No, you are not legally required to disclose your disability; it is voluntary. However, if you do not disclose your disability, Relay does not have to provide you with any disability services, including special support, or extra time on assignments. If your disability requires such accommodations, it is in your best interest to provide Relay with documentation from a medical professional that explains your disability. As it is illegal for colleges to discriminate against you based on your disability, it is usually best to share information about your condition with Relay sooner rather than later to ensure that you receive the accommodations that you require.
If you choose to do so, you must provide Relay with documentation from a medical professional that explains your disability. Instead of disclosing your disability to a particular professor but not others (which could be misconstrued as you asking for an unfair advantage in one class but not others), follow the Disability Disclosure Process by complete the Disability Disclosure form. The Office of Student Affairs (OSA) will be your point of contact in order to prevent miscommunications during your Relay experience. Once you have gone through the process, the Office of Student Affairs will connect with your Campus/Program to communicate to the relevant instructors or advisor of the accommodation you have been approved for. Note this does not include disclosing your disability/disorder.
You must provide the necessary proof to be given accommodations.
This includes recent medical evaluations and your high school IEP. The OSA is committed to engaging in interactive dialogue to ensure you receive the access your require. Therefore, should your process require meeting with the OSA, you should be able to explain what accommodations you need (extended time on assignments, access to class materials, etc.) and how these accommodations will help with your specific disability. Relay GSE also requires documentation from a treating medical professional. This is in stark contrast to what was required of you in high school. While your high school was tasked with identifying and evaluating your condition for you, in college, you are totally responsible.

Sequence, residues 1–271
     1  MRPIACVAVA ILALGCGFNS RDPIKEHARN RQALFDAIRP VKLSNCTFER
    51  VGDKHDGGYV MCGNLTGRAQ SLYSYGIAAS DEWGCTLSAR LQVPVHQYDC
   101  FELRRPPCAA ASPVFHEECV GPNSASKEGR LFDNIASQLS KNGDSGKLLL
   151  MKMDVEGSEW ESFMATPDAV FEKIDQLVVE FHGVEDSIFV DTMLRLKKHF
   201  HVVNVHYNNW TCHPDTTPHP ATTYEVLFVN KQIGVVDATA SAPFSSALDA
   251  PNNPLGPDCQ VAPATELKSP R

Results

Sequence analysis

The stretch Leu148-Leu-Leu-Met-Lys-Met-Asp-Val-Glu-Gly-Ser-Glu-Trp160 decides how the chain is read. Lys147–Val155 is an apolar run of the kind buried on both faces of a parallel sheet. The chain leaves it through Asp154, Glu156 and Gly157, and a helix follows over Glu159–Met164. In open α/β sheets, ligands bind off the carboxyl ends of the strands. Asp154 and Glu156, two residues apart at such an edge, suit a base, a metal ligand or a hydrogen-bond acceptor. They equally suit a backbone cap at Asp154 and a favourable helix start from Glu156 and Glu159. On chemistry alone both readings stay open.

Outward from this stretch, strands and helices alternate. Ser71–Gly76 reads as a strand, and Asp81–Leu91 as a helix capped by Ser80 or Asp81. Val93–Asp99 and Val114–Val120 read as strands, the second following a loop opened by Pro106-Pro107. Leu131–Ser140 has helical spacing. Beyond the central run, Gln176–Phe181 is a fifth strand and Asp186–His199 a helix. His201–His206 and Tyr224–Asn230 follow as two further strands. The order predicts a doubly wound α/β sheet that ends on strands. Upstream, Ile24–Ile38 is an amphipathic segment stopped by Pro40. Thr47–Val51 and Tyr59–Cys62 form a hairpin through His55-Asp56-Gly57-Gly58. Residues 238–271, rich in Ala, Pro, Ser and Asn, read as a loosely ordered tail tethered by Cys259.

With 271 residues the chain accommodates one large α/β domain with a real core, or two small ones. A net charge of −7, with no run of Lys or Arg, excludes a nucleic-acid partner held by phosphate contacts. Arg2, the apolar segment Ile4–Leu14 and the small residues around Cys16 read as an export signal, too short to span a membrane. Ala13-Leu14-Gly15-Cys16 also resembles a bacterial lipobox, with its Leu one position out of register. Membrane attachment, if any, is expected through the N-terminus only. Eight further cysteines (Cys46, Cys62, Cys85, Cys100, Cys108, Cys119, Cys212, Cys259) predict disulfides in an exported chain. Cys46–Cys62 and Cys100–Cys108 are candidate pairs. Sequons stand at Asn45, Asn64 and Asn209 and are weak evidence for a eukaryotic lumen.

If you choose not to disclose your disability and forego accommodations, you may not claim discrimination or invoke protections under the law. A student with an undisclosed disability may fail a course that is required for a particular major. The student cannot, after the fact, claim that their disability hindered their ability to pass the class and request that the failed class be removed from their transcript and that they be allowed to continue in the major. A student who does not disclose their disability is assumed not to have a disability.
Likewise, a student who does disclose their disability and receives accommodations but still does not pass a particular class cannot blame their disability for the failure and expect to be allowed to continue in the major. Students must be given an equal opportunity to try, but if, even with accommodations, the student is not qualified, the school is within its rights to issue failing grades, bar admittance from particular programs, or refuse admittance.